Elon Musk has many admirable, even damn near superhuman, qualities. Modesty is not among them. And it's alright for someone who's accomplished so much to be a little into himself. I suffered from a milder form of the same affliction myself.
It's probably a shock to learn that attorneys (gasp!) Often have the size of the Falcon Heavy. Now that Elon Musk himself was up to contest the U.S. SEC Complained That Grown Man Elon Musk Failed To Get Approval For A
Some quick background for those of you new to this (dumb) controversy: nearly a billion news cycles ago, in August, Elon Musk tweeted that he was "considering" taking electric carmaker Tesla private at a generous $ 420 per share. The SEC promptly (for them) filed a complaint accusing Musk of violating 1
The thrust of the settlement agreement was a big find. But, like your drunk friend who was unflatteringly lighted in a bar selfie, it also required preapproval for future social media posts. Tesla was at a board committee to oversee Musk's social media posts, and Elon was his tweets at this board committee before posting, at least if they contained information that would be "material" to Tesla shareholders like me. out Mr. Musk wasn't really interested in his Twitter feed by board committee, and on February 19 tweeted that Tesla would build 500,000 cars in 2019. He quickly corrected that with another twitter clarifying that the automaker would actually only make more than 400,000 cars during the calendar year of 2019, but would be constructing vehicles at an annual rate of 500,000 by year's end. All of this was already public information. Fuming, not so much about the content of the tweets as the fact that Musk didn't know them by committee, the SEC filed a motion asking the US District Court for the Southern District of New York to hold Elon Musk in contempt for the violating the settlement agreement.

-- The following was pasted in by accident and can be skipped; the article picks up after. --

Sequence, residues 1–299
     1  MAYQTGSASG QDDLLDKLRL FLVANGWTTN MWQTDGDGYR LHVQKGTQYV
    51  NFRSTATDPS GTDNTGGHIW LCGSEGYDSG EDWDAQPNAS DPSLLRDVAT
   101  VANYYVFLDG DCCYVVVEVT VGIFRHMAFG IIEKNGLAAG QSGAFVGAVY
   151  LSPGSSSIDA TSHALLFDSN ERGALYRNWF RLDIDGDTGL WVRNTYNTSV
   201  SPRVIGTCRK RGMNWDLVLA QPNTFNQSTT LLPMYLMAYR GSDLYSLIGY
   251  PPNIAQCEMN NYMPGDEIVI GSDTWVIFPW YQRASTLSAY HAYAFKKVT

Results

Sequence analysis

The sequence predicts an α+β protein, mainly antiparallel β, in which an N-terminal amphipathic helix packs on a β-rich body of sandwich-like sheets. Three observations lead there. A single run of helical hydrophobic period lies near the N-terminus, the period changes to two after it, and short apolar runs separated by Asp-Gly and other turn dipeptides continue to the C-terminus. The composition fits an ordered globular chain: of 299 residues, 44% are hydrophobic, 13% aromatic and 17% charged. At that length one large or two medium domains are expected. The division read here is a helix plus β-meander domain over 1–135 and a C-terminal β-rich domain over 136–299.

The Mission of the U.S. Securities and Exchange Commission is to protect investors, maintain fair, orderly, and efficient markets, and facilitate capital formation. ”I copied that right from their website. But nobody at the SEC apparently cares that it has their own efforts to punish Musk that keeps refueling Tesla's stock, hurting Tesla investors large and small. A few people at the SEC seem to have lost sight of what their interests are actually supposed to be watching out for. Instead, they have made a point of going after someone who has frequently taunted the agency and emphatically stated on national TV, "I want to be clear: I do not respect the SEC."
Look, part of every government worker's job in this country, for better or worse, is to calmly list to criticisms from citizens, even the prominent ones. And part of every lawyer's job is to promote the best interests of his or her client, which sometimes means swallowing one's own pride. This is not easy for the individual actors in these roles, but it is important. Someone at the SEC needs to consider how the agency could possibly protect investors with this crusade to police Elon Musk's Twitter feed against the dangers of disclosing publicly available information and being a little imprecise with phrasing on a limited-character social media platform that the President of the United States spends most mornings plastering with outright lies.
The SEC will indeed have the chance to reconsider, thanks to the wisdom of Judge Alison Nathan. She gave Musk and the SEC two weeks following the contempt hearing to renegotiate and clarify the 2018 settlement agreement. "Put your reasonableness pants on," Judge Nathan said to both sides in open court. And, although there are no signs of progress, I hope they do. [SECURITY] SEC personnel should think more about who they are supposed to be protecting and less about the mean things Elon Musk said about them. As for Elon himself somehow stumbles across this article: an apology goes a long way to salve bruised egos. Apologizing could help out the small investors who are really trying to support you, and might also have some of them as a means to just let you get on with saving the world. Some of the best advice I recently gave 12-year-old applies here: you don't have to say, you just have to say it.
Jonathan Wolf is a litigation associate at a midsize, full service Minnesota firm. He also teaches as an assistant professor at Mitchell Hamline School of Law, has written for a wide variety of publications, and makes it both his business and his pleasure to be financially and scientifically literate. Any views he expresses are probably pure gold, but are nonetheless solely his own and should not be attributed to any organization with which he is affiliated. He wouldn't want to share the credit anyway. He can be reached at email@example.com.